The IRS can simply make a rule and that will be the end of the issue. Congress has introduced the Cryptocurrency Tax Fairness Act which requires the Treasury Department to issue guidelines for informational reporting on digital currency transactions for which capital gains is due. The agency will make the rules and those rules are sufficient as laws that carry criminal penalties. The interpretation belongs entirely to them and the courts will defer to them as the expert. So much for courts being independent checks against arbitrary government.

The critical issue will be what does the IRS do? Will they declare everyone who mines Bitcoin to be a financial institution and must then report every transaction of $10,000 or more as any financial institution? The regulatory burden will severely curtail those involved with Bitcoin.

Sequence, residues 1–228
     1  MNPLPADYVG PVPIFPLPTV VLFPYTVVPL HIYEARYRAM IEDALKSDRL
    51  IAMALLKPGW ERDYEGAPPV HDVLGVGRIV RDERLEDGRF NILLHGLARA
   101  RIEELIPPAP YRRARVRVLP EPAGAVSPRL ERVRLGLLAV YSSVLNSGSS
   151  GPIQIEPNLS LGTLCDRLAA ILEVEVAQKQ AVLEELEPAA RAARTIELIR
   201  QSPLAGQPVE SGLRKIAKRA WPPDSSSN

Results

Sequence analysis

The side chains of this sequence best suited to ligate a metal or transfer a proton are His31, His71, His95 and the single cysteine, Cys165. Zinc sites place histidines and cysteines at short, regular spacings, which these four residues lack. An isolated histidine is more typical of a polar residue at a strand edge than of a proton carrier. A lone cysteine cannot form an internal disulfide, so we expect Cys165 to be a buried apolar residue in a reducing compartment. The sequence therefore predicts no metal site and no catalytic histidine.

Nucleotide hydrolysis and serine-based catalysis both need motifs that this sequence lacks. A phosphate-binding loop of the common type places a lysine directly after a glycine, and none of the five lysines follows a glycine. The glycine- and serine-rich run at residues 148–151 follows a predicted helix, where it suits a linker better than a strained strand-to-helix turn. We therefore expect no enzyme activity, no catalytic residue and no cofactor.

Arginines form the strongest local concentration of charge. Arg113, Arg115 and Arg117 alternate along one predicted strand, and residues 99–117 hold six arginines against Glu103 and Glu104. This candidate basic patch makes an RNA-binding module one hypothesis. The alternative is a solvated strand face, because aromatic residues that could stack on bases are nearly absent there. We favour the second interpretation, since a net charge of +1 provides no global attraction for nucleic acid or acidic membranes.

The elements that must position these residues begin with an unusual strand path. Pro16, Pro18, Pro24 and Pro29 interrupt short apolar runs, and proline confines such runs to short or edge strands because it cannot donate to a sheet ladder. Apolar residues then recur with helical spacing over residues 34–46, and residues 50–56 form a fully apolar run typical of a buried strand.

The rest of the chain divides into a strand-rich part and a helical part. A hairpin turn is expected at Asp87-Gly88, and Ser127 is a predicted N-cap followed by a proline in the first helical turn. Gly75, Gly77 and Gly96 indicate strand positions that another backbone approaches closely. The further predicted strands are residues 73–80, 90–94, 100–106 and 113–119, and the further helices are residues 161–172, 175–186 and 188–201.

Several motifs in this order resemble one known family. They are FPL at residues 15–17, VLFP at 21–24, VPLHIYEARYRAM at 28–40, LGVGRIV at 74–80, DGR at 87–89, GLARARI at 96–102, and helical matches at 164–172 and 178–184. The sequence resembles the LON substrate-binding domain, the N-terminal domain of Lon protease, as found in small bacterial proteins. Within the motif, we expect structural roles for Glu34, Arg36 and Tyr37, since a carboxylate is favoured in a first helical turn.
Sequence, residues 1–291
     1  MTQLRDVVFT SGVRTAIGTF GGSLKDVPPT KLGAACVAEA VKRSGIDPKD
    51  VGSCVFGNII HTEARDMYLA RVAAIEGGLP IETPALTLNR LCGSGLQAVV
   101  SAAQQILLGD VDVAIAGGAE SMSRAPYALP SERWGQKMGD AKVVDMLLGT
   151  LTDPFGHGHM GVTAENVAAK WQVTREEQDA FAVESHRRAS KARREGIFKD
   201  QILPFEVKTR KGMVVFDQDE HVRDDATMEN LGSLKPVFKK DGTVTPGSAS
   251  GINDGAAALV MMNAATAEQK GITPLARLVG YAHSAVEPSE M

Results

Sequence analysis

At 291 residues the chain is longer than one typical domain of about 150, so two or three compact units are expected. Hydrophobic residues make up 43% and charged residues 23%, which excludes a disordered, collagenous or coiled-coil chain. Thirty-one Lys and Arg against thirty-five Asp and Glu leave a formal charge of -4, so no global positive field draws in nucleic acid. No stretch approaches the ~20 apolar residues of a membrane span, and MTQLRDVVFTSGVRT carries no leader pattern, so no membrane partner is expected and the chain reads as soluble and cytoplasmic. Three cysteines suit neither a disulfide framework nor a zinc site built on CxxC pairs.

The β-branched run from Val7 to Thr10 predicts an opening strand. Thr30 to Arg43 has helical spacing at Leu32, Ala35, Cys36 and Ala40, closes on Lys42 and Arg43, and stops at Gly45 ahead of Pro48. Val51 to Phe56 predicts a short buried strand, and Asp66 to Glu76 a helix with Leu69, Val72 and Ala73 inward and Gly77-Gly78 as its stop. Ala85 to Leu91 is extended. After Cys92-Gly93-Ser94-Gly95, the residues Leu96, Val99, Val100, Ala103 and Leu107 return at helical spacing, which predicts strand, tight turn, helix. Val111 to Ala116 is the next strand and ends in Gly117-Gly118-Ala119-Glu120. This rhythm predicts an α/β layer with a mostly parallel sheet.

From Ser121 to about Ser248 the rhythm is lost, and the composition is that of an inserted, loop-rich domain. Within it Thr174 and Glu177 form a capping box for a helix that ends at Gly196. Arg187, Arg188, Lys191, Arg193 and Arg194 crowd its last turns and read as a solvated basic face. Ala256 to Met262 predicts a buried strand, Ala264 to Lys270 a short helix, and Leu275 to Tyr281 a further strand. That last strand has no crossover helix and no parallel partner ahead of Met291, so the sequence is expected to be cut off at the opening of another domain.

All of that said, what if Bitcoin is just a commodity? Normally, if I have an apple and I trade it with you for an orange, that is not a cognizable transaction for tax purposes. The problem with Bitcoin is its marketing as a currency. If polished white stones are the accepted medium of exchange and I give you one stone for that orange, the stone is the medium of exchange in which taxes can be imposed.

Is Bitcoin the equivalent of that stone? Then it is a currency. If it is really just a commodity for all practical purposes economically speaking, then we are at the apples and orange swap. But that is unlikely. However, because it is presented as a cryptocurrency, it may be a duck that quakes as a commodity since it is NOT “legal tender” and acceptable by any government for taxes, but, if they call it a pig, it is a pig for tax purposes. It boils down to what will be the Treasury interpretation. Congress is worthless because they simply delegate to agencies to make their own rules and to violate a rule is criminal. That is another whole constitutional argument that delegating powers to unelected agencies defeats democracy and is unconstitutional.



Bitcoin is available with Socrates basic level right now. The Futures contract on the CBOE will make prices much more tangible since people can put up prints with just one Bitcoin trading at $17,000.